Biwater completes Virgin Islands desalination plant

Water technology company, Biwater, has started full commercial operation of a new 10,400 m³/day reverse osmosis seawater desalination plant constructed by the firm on the island of Tortola in the British Virgin Islands.

Biwater will operate the plant for 16 years under a build, own, operate and transfer deal with the Virgin Islands government.

Biwater's construction of the desalination plant and water storage facilities was funded using a $43 million loan from Barclays. The deal includes a water purchase agreement and Biwater has doubled the water storage capacity on Tortola to extend distribution to new areas of the island.

The improvements helps to meet Tortola's water treatment capacity needs as well as addressing a government requirement to meet the growing demands of of the Virgin Islands' tourist industry. The increased water production capacity will be used to supply cruise ships that dock in Tortola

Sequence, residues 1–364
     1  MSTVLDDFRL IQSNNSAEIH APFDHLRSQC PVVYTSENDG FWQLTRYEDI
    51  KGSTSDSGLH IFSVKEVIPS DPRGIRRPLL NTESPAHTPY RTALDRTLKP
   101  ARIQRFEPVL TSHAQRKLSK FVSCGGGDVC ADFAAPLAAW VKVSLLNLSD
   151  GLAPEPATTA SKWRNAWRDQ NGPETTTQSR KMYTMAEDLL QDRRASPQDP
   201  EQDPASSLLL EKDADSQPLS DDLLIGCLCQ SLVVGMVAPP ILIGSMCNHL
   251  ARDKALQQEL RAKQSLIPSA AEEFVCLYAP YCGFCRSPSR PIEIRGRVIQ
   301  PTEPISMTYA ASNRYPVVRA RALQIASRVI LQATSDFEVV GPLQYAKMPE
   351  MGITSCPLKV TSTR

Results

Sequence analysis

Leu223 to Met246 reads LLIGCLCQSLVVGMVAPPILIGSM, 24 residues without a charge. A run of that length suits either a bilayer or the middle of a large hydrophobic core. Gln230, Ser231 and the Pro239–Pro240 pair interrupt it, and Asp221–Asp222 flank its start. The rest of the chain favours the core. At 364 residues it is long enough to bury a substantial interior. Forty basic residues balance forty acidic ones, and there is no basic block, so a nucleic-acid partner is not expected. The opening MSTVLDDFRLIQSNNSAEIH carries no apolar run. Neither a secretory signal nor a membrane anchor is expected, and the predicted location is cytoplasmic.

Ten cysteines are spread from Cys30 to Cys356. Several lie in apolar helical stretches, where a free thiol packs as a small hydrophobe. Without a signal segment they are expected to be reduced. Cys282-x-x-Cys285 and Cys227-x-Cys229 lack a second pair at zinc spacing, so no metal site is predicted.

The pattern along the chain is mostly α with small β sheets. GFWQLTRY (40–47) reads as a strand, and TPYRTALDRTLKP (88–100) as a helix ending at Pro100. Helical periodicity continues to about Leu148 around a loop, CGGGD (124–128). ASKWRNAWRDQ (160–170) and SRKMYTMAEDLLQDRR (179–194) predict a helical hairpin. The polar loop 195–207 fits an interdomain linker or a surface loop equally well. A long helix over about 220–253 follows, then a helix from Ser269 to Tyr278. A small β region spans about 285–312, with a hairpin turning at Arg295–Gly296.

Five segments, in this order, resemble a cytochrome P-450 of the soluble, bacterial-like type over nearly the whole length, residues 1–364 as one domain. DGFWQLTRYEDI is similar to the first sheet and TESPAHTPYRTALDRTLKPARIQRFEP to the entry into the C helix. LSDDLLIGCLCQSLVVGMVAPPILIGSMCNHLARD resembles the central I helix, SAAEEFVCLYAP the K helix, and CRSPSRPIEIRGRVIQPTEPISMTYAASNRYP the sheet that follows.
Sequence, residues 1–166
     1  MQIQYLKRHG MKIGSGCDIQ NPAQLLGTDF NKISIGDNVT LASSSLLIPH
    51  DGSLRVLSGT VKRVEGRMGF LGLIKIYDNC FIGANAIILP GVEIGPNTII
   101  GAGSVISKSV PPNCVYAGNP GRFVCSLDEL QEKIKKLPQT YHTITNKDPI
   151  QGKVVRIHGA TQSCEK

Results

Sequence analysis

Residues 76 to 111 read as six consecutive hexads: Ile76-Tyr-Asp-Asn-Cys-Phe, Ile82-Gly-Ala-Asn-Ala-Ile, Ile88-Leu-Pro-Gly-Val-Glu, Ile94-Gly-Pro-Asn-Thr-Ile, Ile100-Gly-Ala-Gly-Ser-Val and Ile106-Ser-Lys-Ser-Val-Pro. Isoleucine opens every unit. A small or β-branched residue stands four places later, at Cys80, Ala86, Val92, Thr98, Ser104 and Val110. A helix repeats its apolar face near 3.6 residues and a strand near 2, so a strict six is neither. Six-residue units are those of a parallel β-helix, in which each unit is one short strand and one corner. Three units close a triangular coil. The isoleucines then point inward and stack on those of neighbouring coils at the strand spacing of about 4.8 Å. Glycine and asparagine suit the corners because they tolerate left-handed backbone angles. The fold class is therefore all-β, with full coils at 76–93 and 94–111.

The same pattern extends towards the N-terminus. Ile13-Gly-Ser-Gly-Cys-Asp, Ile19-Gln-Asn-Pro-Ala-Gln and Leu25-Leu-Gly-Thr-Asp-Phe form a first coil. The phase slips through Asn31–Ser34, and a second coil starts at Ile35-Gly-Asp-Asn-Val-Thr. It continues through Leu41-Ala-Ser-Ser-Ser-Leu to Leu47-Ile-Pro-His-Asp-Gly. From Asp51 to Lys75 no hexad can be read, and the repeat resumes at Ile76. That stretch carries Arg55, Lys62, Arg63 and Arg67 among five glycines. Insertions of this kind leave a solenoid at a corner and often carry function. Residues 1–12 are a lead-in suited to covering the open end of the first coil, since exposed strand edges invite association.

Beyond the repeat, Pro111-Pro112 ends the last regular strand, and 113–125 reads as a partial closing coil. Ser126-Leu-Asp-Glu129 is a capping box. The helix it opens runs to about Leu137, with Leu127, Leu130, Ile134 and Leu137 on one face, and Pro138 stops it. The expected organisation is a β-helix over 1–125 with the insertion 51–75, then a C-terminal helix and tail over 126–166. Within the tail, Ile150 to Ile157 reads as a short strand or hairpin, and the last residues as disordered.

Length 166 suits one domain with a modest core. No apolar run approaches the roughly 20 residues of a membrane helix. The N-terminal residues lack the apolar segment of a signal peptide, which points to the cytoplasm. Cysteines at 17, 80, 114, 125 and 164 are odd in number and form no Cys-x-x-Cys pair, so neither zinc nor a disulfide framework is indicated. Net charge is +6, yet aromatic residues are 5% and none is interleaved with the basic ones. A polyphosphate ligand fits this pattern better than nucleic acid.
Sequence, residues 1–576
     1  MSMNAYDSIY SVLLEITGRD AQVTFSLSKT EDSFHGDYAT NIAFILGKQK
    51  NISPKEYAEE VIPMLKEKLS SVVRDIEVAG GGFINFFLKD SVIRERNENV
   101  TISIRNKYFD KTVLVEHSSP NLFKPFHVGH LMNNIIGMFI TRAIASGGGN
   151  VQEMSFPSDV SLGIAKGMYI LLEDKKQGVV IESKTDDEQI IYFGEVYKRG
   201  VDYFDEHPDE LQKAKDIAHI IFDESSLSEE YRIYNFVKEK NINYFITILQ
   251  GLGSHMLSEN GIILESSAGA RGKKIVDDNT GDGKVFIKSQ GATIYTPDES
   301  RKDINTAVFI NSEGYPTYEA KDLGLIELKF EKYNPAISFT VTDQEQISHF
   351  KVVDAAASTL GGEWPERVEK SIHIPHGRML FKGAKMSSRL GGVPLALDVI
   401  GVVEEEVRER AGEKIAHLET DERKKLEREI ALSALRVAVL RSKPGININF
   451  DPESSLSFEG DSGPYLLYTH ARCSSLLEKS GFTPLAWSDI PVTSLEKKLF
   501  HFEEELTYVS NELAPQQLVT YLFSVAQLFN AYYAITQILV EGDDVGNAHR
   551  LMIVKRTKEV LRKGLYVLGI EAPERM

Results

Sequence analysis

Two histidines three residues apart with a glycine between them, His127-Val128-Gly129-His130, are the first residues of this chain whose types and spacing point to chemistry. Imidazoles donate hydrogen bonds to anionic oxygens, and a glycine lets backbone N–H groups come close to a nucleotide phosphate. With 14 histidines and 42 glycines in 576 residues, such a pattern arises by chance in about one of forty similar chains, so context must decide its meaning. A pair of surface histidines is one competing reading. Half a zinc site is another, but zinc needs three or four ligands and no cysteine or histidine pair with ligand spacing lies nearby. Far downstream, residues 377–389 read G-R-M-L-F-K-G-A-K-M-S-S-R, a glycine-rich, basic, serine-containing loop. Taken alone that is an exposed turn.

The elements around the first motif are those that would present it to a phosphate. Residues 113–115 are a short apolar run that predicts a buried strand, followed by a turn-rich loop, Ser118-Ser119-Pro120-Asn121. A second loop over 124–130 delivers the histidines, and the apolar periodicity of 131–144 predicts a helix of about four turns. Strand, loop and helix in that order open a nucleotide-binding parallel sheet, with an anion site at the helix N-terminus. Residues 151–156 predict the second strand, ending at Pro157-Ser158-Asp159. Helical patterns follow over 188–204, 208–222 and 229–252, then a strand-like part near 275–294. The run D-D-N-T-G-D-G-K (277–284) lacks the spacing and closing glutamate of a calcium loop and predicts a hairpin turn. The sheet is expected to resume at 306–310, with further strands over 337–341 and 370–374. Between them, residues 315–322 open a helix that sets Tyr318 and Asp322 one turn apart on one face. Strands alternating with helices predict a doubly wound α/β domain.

The reverse osmosis plant uses a two pass system, running at 45% conversion efficiency. It incorporates four first pass trains and two second pass trains and is designed to run at 100% capacity. Pre-treatment consists of two-stage media filtration followed by five micron cartridge filtration, to protect the system from foulants.

For energy recovery, pressure exchangers with booster pumps to the reject line will enhance the high pressure feed supply to the first stage reverse osmosis trains.

Treated water mains total 3,330 metres, along steep terrain, with a total rise of 393 metres. They include two treated water pumping stations.

In 2015, Biwater is to complete construction of two of its compact wastewater treatment plants on the island.

Tags

| Virgin Islands | British Virgin Islands | Recovery | Virgin Islands


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